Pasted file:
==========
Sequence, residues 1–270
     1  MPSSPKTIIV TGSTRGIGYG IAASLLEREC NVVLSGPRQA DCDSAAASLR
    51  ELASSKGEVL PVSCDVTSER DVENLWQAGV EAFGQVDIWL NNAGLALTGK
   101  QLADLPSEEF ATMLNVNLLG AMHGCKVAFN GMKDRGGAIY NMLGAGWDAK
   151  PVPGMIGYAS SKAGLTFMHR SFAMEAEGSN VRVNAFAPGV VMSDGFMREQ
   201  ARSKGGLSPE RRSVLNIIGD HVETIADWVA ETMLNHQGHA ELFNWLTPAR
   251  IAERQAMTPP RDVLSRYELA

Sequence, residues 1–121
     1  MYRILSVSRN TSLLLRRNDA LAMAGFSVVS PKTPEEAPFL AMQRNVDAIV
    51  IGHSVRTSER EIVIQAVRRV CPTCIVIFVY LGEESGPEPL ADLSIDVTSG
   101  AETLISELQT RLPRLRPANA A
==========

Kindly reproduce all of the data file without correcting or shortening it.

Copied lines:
Sequence, residues 1–270
     1  MPSSPKTIIV TGSTRGIGYG IAASLLEREC NVVLSGPRQA DCDSAAASLR
    51  ELASSKGEVL PVSCDVTSER DVENLWQAGV EAFGQVDIWL NNAGLALTGK
   101  QLADLPSEEF ATMLNVNLLG AMHGCKVAFN GMKDRGGAIY NMLGAGWDAK
   151  PVPGMIGYAS SKAGLTFMHR SFAMEAEGSN VRVNAFAPGV VMSDGFMREQ
   201  ARSKGGLSPE RRSVLNIIGD HVETIADWVA ETMLNHQGHA ELFNWLTPAR
   251  IAERQAMTPP RDVLSRYELA

Sequence, residues 1–121
     1  MYRILSVSRN TSLLLRRNDA LAMAGFSVVS PKTPEEAPFL AMQRNVDAIV
    51  IGHSVRTSER EIVIQAVRRV CPTCIVIFVY LGEESGPEPL ADLSIDVTSG
   101  AETLISELQT RLPRLRPANA A